Monday, March 16, 2009

Day 8 Report

A BIG thank-you for a good work day goes out to J, K & M who joined me from SCT today at the downtown library. All four of us made terrific progress on the academic endeavors we have before us. Learning is a social process, after all, and we all kept each other on task for just about the entire day. We then enjoyed dinner out together along with Wife & Moose, which was great! I miss living closer to these friends, but I'm glad they're not so far away that we can't get together like this on occasion.

Today went well. And, since it's officially spring break at LMU, I hardly received any work-related e-mail with which to contend. This is good.

Today's goal was to do axial coding for the last half of the interviews. And, at this point, since I had created a decent list of codes, I attempted to code using only my list and NOT generate any new ones. It worked, and in fact, after coding just bits and pieces of two of the seven remaining interviews, I decided to stop this process entirely, believing that my list was comprehensive and representative enough. Analyzing to redundancy is a good way to go.

So now it's time to get organized to write. In order to do this, I will need to remember where quotes lie among 14 different interviews, lasting somewhere between 60 and 100 minutes each. So, I've decided to use qualitative data-analysis software called NVivo. I wasn't sure if I was going to spend time on this or not, so I allowed myself to try it for two hours. I made a pact with myself that I was struggling with it, or if it felt like a plumb waste of time, then I'd just stop and go with what I have in Excel.

The neat thing, though, is that I'm able to make further realizations about the themes in the data by way of yet another chance to revisit the details of each interview. This is very helpful. I am not concerned about coding every single line of every single interview at this point. Rather, I simply go to the spots in each interview that I know are salient to the theory I'm creating, and I code necessary bits using the extensive code grid (the bit in Excel) I created last weekend. The process went alright today, and I hope to pick up speed with it to be finished with this part no later than Wednesday. Then, that'll give me about a day-and-a-half to get things together for my peer reviewers by Noon Friday. The end result of using this software is that I will be able to type a query, like "self-efficacy," for example, and then the system will spit out a report with every quote across all 14 participants where they said something related to the topic. Very powerful. Very slick.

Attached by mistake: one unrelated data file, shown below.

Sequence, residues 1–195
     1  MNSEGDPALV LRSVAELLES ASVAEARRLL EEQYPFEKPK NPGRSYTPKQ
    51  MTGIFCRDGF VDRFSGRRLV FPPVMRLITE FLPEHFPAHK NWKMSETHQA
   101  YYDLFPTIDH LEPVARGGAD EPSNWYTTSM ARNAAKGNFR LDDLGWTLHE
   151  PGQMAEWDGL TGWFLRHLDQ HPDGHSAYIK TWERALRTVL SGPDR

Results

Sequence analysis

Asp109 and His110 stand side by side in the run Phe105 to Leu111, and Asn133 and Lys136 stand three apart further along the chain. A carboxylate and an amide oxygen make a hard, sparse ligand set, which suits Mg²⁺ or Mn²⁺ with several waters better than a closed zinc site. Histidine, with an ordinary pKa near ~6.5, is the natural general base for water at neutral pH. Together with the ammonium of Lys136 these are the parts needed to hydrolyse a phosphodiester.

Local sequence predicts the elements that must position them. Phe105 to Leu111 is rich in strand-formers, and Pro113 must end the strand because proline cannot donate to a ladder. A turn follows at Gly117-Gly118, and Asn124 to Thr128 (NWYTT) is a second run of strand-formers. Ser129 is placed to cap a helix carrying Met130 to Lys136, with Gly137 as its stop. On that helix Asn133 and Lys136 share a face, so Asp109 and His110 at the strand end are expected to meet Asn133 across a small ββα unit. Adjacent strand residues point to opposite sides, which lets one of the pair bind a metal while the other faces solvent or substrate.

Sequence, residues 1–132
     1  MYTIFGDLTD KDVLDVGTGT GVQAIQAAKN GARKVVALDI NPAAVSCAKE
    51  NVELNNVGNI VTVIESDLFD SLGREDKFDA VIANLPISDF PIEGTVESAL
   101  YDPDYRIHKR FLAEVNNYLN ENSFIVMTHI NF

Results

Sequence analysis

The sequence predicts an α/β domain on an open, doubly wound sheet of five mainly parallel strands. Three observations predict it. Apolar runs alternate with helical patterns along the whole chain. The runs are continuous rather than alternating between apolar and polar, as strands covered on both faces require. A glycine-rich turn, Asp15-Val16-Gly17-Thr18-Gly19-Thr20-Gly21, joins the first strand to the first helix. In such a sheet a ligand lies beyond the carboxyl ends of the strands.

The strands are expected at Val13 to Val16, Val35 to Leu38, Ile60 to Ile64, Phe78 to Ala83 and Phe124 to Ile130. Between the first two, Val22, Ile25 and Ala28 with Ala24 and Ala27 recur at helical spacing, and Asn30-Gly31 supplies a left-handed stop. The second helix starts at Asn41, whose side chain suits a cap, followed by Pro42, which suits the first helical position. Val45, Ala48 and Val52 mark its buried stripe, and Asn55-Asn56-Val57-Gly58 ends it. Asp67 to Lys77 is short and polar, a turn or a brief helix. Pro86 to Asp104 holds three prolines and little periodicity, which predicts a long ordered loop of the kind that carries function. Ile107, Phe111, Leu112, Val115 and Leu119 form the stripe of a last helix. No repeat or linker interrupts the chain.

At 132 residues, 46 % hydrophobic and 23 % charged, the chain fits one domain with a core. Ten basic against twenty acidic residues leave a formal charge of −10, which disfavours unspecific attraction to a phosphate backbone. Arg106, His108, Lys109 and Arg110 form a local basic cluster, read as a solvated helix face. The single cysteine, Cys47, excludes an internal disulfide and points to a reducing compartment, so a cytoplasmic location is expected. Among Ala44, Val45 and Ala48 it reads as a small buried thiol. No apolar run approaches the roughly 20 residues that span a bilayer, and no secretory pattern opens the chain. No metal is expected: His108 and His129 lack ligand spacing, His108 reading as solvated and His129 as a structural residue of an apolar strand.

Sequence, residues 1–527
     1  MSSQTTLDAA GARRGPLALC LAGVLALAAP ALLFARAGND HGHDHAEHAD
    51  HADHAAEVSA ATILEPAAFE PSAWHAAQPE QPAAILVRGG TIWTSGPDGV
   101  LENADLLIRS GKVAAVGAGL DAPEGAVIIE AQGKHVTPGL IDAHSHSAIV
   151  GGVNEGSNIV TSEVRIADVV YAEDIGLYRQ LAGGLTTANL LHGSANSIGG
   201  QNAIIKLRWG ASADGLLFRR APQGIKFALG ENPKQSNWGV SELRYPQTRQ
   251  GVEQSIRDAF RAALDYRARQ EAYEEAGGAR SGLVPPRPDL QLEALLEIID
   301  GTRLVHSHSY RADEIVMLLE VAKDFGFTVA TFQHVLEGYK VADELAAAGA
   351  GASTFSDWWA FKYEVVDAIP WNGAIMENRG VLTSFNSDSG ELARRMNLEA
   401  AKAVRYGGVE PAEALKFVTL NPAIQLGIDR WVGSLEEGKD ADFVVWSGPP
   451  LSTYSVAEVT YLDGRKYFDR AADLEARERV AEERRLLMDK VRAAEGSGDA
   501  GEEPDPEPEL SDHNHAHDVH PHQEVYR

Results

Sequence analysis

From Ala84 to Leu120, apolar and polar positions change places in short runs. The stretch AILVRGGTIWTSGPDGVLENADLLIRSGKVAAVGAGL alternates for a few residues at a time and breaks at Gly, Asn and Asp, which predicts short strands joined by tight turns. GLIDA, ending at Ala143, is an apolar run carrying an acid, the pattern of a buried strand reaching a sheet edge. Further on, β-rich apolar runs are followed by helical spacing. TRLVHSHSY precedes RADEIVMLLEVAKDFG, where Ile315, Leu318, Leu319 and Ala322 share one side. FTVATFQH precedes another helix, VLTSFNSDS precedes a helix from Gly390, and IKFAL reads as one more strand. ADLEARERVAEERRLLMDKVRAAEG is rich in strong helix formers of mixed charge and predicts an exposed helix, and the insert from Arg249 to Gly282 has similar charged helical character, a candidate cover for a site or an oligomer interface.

I have been wanting to get to this very point in the process for MONTHS. It's fantastic to finally be here now. I'm just about at the top of the hill at this point, so I can't wait for the downward slope known as the writing process.

I meant what I said about writing being a downward, easier slope. I've never had a problem with the actual writing process. I write pretty quickly. For me the difficulty comes beforehand. I struggle with the anticipation of doing the task itself, and the preparation work beforehand. Anxiety has ruled this process for me for some time, and I'm pleased to say I believe I've overcome most of it.


lemming said...

Don't let the halfway mark slow you down or make you complacent - this is a marathon, so keep moving forward.

go go gadget sneakers.

(OK, I have officially flogged that joke for far too long...)

Rob said...

I appreciate the encouragement - actually needed that yesterday (see the post I'm about to write).

And yeah, perhaps we could put the Inspector Gadget reference to rest. :-) It was effective, though!